It is easier to state this as a strategic intention then implementing an effective change. The purpose of this qualitative case study, combined with collected empiric data, is to indicate factors that contributed to OD project's initiations, implementations, and results logic. The presented OD model is developed adapting the theoretical foundation and proven corporate practices, aligned with the specific setting and influential factors in university environment. The paper is focused on providing the OD model overview and highlighting the practical implementation framework that may be adapted for use in other university environments for effective organizational development projects and interventions.
The organization development (OD) is an applied behavioral discipline. This is OD’s theoretical foundation. Professional implementation of OD may simply be described as a methodology or technique used to affect change in an organization or section of an organization, with the overall goal of improving the organization’s effectiveness. OD evolved through few strong research and practice waves (1950-ties, seventies, 1990-ties, and in the last decade). OD focus changed by time, but the main driving force remained: an economic environment where the goal was to improve business efficiency and management.
Behavioral science knowledge and practices (as a foundation of applied OD), incorporate concepts such as leadership, group dynamics and teamwork, work design and approaches such as strategy, organization design and international relations (Cummings and Worley, 1997). Since OD has a multifaceted structure, and a reach applied history in the corporate world, there are myriad of theoretical references. However, there is no consensus of an overarching definition of OD. A literature review on the topic “organizational development in universities," reveals emphases on generic approaches, reflecting on theoretical foundations and implementation in the corporate environment (Scott, 2013). The related subtopics (organizational change, change management, organizational effectiveness, etc.) in university environment are also not significantly addressed by researchers so far. Some relatively recent studies are addressing the OD models in high education (Ashraf, 2011).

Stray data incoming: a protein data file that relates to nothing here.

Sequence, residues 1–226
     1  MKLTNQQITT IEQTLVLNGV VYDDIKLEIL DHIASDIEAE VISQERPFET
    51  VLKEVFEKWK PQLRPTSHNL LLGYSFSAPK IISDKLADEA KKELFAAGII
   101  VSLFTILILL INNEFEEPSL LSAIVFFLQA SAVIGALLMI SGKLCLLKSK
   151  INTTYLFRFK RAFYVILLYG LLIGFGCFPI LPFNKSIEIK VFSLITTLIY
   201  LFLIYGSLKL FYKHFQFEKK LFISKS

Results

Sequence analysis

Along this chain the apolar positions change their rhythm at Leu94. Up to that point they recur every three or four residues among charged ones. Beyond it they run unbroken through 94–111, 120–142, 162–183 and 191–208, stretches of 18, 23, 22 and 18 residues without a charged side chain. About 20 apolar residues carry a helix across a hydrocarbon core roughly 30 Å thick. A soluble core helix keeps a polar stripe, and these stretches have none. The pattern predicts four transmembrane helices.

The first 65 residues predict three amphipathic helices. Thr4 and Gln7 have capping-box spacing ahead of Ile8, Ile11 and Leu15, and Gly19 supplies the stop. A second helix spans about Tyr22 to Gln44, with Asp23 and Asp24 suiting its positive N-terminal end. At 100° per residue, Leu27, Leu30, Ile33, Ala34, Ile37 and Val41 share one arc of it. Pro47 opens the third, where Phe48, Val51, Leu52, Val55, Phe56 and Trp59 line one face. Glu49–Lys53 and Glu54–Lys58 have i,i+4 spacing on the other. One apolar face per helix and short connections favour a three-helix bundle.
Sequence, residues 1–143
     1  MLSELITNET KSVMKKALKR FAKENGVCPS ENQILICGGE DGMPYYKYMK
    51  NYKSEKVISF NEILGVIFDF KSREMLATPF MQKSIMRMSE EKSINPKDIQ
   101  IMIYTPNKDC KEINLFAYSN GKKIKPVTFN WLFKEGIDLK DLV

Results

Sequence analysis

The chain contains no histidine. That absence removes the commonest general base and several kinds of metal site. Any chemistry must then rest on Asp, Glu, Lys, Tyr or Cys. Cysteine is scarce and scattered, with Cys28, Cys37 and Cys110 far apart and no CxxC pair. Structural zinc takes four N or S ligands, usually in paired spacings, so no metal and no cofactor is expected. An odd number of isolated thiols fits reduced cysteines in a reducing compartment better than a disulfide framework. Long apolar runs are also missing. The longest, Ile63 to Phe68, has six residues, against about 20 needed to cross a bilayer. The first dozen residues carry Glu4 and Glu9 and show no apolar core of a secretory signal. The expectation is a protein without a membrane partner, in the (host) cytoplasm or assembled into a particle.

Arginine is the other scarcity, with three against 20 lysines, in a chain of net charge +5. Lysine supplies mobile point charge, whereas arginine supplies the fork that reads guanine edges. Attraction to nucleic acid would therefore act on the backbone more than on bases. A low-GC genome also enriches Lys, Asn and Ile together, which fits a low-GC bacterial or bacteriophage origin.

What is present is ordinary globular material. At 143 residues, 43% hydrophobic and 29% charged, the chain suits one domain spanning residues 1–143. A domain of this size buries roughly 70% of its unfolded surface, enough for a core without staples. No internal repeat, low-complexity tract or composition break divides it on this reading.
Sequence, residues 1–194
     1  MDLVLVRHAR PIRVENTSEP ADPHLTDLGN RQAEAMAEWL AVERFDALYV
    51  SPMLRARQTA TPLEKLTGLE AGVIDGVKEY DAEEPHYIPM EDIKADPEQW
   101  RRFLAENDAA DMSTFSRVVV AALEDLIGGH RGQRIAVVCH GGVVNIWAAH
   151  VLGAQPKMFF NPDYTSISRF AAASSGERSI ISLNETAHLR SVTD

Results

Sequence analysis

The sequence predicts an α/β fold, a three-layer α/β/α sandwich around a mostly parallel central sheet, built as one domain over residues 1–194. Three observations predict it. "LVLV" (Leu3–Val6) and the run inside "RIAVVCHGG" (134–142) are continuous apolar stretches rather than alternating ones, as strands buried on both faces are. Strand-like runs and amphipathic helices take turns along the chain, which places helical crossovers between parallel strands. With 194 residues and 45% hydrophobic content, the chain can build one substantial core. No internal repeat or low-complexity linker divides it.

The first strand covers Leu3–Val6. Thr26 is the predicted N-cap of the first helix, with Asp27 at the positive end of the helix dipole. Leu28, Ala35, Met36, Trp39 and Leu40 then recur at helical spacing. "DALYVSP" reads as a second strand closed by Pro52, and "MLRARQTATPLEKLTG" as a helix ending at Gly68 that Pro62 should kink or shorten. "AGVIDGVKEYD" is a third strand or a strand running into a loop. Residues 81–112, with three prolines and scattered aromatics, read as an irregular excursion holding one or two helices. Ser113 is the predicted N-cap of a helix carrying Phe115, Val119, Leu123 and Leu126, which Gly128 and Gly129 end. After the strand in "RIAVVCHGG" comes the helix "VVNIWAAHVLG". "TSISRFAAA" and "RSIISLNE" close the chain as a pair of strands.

The case studies analyzing OD and change in university are very rare. Torraco (2005) and his team analyzed OD implementations in five universities, in various phases of building OD capacities and practices. Among universities with advanced OD positioning and published reports is Center for Organizational Development and Leadership in Rutgers University (2012). The literature on applied OD and change approach in the business world is a long list of books addressing OD principles, practices, perspectives, processes, and performances (for example, Johns, 2014, McLean, 2005). In the recent years, OD pays much more attention to the larger environment in which the business operates and aims at helping businesses accomplish their strategic objectives. Some researchers and practitioners were focused on applied OD as a part of an GCBF ♦ Vol. 11 ♦ No. 1 ♦ 2016 ♦ ISSN 1941-9589 ONLINE & ISSN 2168-0612 USB Flash Drive 443 Global Conference on Business and Finance Proceedings ♦ Volume 11 ♦ Number 1 advanced Human Resource (HR) Management, publishing handbooks for strategic HR and best practices in OD (Vogelsang, 2012, Cheung-Judge, 2011). In addition, many consulting companies published their own practitioners’ guides for OD. Among topics related to OD, there are also many books focused on leadership and leading change (Kotter, 1996), leadership teams and team building, as well as achieving “organizational health” (Lencioni, 2012).
In summary, there are numerous research reports and books about OD theoretical aspects, and books and case studies about applied OD practices in the corporate world. OD in high education has very few research and case studies of OD models and implementation practices in university environment. This critical research study is addressing a series of OD projects, however, limited to only one university’s OD experience, but may be a good reference for further research and applied practices.